In 1916, Henry Clay Folger had not yet opened his library. However, he still made a unique contribution to the celebrations of the 300th anniversary of Shakespeare’s death: he lent a copy of the First Folio to Reverend S. Parkes Cadman, pastor at the Central Congregational Church in Brooklyn, which Henry and Emily Folger attended. Cadman then used the volume as a prop in delivering a special sermon, entitled “The Religious and Moral Values of Shakespeare,” on Sunday 30th April (23rd April in 1916 coincided with Easter Sunday, hence the week’s delay). The Reverend addressed his flock with the striking words: “Before me this morning, upon this holy desk, next to the Holy Bible, as it ever ought to be, is one of the first folios, entitled: ‘Mr. William Shakespeare’s Comedies, Histories and Tragedies, published according to the true original copies in London, 1623.’” It is not unusual for people to talk about Shakespeare’s work and the Bible together as the pinnacles of the written word (a phenomenon that led George Bernard Shaw to coin the mocking term “Bardolatry”). Thanks to Henry Folger, the two books physically shared a sacred space, side by side on the pulpit of a Brooklyn church.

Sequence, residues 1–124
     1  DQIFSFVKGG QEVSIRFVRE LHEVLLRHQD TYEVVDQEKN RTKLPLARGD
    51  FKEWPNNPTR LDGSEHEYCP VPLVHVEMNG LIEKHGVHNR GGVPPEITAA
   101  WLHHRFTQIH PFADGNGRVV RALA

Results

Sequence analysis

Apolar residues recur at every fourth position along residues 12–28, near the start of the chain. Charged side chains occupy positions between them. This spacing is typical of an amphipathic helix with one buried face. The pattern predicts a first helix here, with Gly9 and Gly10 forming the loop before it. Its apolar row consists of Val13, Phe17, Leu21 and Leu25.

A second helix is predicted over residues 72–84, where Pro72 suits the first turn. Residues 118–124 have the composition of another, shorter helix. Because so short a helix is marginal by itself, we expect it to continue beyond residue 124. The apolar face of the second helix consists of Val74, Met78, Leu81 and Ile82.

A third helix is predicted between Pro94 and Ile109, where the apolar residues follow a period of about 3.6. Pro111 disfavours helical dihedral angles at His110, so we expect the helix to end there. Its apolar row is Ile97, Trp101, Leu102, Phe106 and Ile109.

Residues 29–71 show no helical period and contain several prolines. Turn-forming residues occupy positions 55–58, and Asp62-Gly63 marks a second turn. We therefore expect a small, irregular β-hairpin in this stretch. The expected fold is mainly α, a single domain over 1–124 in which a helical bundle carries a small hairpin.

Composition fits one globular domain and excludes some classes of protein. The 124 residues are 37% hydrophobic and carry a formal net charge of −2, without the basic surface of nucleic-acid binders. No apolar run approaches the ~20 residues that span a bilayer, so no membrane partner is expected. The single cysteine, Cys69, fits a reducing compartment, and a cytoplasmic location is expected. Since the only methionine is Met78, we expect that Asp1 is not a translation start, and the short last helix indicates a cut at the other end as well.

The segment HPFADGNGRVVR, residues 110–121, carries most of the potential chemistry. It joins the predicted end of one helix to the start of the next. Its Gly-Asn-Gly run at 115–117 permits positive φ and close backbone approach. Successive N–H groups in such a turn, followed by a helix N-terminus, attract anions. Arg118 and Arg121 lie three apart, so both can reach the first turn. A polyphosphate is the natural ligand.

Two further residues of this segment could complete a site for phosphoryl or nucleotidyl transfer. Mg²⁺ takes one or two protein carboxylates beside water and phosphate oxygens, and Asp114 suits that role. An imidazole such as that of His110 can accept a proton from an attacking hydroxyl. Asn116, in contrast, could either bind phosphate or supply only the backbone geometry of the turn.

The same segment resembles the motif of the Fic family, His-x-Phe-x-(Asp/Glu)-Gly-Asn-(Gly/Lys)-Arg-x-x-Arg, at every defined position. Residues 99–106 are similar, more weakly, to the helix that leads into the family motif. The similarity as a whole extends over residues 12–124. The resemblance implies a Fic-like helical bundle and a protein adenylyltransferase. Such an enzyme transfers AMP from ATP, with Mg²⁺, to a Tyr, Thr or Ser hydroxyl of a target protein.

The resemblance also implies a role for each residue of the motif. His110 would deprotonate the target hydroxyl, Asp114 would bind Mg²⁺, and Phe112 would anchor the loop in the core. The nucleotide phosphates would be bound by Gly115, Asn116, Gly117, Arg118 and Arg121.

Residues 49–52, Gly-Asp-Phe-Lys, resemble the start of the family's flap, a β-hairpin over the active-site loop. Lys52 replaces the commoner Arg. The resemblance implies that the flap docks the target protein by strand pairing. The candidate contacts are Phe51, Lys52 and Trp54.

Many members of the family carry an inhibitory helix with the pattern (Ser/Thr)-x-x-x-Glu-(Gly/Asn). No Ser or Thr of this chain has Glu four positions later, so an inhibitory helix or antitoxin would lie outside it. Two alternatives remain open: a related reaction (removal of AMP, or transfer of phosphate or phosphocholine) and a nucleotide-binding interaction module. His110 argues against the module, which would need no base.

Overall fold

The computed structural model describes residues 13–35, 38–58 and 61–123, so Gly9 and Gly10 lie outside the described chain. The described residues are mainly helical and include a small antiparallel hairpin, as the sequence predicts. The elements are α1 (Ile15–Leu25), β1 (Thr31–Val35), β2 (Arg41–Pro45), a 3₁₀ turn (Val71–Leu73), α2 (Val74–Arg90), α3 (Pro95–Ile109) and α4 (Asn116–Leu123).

Reverend Cadman was not alone in celebrating the Shakespeare Tercentenary in 1916. Around the globe, the Bard was honoured in churches, schools, universities, theatres, libraries, galleries, clubs, parks, and sports stadiums. The range of tributes included theatrical productions, sermons, debates, concerts, exhibitions, souvenir publications, pageants, planting of trees and Shakespeare gardens, and even such odd-sounding offerings as “Shakespeare Circus” and “Waffles à la Shakespeare.” While Europe was in the throes of the First World War and the US fought against Pancho Villa in Mexico, people across the world chose to express their cultural identity by rallying around Shakespeare.